The consequences of global warming are more dire than just enduring the heat.
As I’ve walked around campus this semester to class, the mailroom, Water Tower Field and back to my off-campus house, I’ve felt that familiar sweaty stickiness as my shirt clings to my back. The heat has been the kind that pierces your skin and leaves you tired. Casting a glance from side to side, I see that everyone else looks the same: sweaty and worn. It’s always hot and humid this time of year, especially in North Carolina, but the bottom line is that it’s hotter than usual. Climate change is as real as Wake Forest midterms, grade deflation and binge drinking.
Increased fossil fuel consumption over the last two centuries has increased levels of carbon dioxide in the atmosphere to its highest level in over 800 thousand years. Carbon dioxide is a greenhouse gas that traps solar radiation in the atmosphere, resulting in higher global surface temperatures. As carbon dioxide build up passed unprecedented points, it’s analogous to filling up a scolding cup of coffee without paying attention — eventually, it will overflow and burn the hell out of you.
Global temperatures have risen by nearly 1.5 degrees Fahrenheit over the last century, with most of this warming of our dear Mother Earth occurring since 1970. In fact, 15 of the 16 hottest years ever recorded have taken place since 2001, and 2016 is set to be the hottest year on record by quite a margin.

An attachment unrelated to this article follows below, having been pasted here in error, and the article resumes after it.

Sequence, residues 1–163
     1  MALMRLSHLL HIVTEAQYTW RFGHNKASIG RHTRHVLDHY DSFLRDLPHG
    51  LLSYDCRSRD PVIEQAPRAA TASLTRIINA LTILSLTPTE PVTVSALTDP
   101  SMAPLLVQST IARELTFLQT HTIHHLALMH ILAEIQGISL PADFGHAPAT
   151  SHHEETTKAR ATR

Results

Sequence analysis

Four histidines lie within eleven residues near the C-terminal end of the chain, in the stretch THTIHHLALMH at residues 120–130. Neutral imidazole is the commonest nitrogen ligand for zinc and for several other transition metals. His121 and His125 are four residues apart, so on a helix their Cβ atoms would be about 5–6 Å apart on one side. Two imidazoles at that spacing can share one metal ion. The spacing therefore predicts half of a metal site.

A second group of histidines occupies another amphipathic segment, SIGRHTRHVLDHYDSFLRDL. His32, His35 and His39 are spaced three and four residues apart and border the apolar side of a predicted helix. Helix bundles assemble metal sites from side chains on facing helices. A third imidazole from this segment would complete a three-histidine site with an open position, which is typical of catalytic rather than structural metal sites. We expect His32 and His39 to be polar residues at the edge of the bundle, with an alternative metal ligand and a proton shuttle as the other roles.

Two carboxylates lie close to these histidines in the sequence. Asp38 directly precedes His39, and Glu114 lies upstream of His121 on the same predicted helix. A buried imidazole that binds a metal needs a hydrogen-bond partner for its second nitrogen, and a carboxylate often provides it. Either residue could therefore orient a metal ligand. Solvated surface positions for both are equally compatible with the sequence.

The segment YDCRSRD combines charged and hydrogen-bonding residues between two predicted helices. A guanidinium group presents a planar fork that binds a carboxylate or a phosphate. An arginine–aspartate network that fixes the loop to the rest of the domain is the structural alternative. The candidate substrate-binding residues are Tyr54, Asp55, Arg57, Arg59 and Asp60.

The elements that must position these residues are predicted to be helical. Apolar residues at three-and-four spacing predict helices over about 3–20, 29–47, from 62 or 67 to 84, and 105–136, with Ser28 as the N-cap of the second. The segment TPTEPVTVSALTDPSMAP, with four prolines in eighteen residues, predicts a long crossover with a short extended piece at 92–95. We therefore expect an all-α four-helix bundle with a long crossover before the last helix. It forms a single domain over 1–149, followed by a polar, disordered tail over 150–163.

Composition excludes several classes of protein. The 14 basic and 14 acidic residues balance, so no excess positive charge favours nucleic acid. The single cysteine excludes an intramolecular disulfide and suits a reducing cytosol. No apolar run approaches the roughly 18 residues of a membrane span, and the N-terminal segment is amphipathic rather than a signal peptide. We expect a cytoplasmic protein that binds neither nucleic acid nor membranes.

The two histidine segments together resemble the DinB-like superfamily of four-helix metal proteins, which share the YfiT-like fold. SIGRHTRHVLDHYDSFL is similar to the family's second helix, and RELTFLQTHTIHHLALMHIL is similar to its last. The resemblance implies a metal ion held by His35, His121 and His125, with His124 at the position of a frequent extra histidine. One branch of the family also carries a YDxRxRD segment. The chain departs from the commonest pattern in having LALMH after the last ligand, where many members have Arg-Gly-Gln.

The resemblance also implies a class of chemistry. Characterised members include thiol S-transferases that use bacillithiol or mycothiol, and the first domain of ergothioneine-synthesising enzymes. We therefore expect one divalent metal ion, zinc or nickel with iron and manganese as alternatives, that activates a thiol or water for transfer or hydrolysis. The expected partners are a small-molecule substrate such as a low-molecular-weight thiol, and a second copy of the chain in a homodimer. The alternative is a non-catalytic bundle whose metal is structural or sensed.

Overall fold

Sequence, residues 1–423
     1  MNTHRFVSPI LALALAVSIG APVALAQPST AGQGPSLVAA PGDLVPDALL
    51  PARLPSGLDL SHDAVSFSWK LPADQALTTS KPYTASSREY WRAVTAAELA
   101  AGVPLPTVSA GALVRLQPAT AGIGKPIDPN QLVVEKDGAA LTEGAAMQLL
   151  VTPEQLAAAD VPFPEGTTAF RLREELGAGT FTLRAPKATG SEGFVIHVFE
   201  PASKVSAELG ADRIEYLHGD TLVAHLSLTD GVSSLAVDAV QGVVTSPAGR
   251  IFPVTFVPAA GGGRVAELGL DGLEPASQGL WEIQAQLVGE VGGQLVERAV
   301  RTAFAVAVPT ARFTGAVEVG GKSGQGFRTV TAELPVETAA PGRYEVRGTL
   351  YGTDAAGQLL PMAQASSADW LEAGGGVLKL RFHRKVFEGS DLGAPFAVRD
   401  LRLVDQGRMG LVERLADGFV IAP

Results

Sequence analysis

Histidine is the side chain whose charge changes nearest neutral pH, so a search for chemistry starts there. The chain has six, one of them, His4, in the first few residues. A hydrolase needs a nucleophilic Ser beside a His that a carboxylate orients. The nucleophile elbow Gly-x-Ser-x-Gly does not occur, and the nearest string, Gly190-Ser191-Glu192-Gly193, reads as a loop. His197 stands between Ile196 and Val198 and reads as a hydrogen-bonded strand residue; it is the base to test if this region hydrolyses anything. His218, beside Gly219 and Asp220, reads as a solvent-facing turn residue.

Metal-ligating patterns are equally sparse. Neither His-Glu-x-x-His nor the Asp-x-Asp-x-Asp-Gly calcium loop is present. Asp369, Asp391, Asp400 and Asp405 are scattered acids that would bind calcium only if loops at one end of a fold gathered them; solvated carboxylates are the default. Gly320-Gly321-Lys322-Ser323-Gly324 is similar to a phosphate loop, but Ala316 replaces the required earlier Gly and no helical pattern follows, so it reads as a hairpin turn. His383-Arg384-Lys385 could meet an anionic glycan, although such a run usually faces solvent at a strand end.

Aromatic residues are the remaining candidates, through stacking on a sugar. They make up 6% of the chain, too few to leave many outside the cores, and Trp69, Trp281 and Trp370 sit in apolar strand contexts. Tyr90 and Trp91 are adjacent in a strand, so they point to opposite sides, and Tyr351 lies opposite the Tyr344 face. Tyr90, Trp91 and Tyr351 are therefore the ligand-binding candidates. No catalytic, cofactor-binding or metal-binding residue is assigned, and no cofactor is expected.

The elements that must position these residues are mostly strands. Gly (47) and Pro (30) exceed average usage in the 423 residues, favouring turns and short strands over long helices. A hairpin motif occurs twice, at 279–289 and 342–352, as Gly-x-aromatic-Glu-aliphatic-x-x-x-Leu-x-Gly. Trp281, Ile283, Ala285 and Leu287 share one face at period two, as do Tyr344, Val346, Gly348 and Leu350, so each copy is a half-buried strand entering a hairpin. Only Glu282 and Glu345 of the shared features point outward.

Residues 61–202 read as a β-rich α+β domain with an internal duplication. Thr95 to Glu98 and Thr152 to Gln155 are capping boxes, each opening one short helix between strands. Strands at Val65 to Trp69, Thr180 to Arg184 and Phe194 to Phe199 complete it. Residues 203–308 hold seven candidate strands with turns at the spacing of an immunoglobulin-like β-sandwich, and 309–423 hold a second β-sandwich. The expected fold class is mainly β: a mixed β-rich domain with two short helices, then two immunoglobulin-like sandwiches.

But while the sweltering heat and warming often get the greatest attention, it is other problems that heat causes that are most worrisome.
According to the National Wildlife Federation, the current rise in global temperatures threatens the extinction of 25 percent to 35 percent of plant and animal species. Animals like the Pika, which live in the mountains, are being forced to move to higher altitudes to find tolerable temperatures.
Rising temperatures have led to shrinking ice sheets in areas like Greenland and Antarctica, where more than 11 miles (or 5 trillion tons) of ice have melted between 2002 and 2014. This threatens hunting grounds for polar bears. As water warms, trout and salmon populations will continue to shrink.
Further, ducks and geese have had to change their migration patterns to avoid the cruel and unusual weather. If you’re a fan of hunting, take note because your dinner may disappear.
Another haunting trend in climate change is the rise in sea levels. According to the National Ocean Service, the two main causes of rising sea levels are the expansion of warmed ocean water and the melting of land-based ice. All this heat, and you’re left with sea levels that have risen 6.7 inches over the last century and are conservatively estimated by the EPA to rise between one and four feet by 2100. The danger is not just that ecosystems such as coral reefs and the sea life that relies on them will disappear but also that more frequent flooding will occur. Such flooding is estimated to be as much as 900 percent more frequent in coastal areas than it was just 50 years ago. I hate to sound like the fiddler of the world’s tiniest violin, but this dangerous change is critical because almost 40 percent of Americans live in densely populated coastal areas.
According to NASA, 97 percent of climate scientists agree that climate-warming trends are due to human activities. It has become clear that we cannot sit idly by.
Indeed, the question isn’t whether climate change is real, whether we caused it or whether the Chinese fabricated it to make America’s manufacturing industry non-competitive (yes, Trump said this). The question is how we face it and how we overcome it.